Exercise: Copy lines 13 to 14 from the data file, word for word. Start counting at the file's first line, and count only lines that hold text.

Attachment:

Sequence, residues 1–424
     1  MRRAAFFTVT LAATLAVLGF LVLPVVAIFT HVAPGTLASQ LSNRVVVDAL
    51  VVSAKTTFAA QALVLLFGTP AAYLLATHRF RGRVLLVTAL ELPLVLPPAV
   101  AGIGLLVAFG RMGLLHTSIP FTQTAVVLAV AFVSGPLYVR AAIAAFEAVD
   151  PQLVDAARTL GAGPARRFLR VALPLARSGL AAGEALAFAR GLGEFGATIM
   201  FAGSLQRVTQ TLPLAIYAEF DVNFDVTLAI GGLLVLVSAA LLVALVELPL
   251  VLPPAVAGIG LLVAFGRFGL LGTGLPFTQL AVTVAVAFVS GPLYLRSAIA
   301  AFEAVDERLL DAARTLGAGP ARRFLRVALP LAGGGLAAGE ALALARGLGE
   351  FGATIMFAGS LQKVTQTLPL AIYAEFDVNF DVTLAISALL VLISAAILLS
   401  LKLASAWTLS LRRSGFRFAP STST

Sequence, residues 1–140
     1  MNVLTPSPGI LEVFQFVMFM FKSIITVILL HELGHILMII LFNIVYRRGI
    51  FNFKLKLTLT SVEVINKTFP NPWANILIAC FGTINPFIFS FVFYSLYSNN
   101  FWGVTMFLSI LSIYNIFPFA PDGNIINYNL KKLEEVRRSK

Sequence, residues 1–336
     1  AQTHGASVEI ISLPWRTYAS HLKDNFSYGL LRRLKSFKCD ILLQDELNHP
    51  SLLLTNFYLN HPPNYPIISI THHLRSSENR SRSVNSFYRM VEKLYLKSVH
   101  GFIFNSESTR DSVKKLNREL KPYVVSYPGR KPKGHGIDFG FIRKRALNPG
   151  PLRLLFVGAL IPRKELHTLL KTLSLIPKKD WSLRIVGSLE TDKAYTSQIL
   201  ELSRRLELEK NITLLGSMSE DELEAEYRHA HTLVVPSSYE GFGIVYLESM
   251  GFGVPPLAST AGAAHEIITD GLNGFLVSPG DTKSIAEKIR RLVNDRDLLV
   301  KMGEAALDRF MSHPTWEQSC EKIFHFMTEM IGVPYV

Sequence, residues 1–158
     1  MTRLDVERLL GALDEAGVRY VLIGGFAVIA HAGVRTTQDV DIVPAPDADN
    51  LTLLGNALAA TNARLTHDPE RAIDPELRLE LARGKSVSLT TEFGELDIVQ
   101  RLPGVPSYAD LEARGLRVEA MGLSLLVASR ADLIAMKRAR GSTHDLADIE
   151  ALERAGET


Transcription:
    51  FNFKLKLTLT SVEVINKTFP NPWANILIAC FGTINPFIFS FVFYSLYSNN
   101  FWGVTMFLSI LSIYNIFPFA PDGNIINYNL KKLEEVRRSK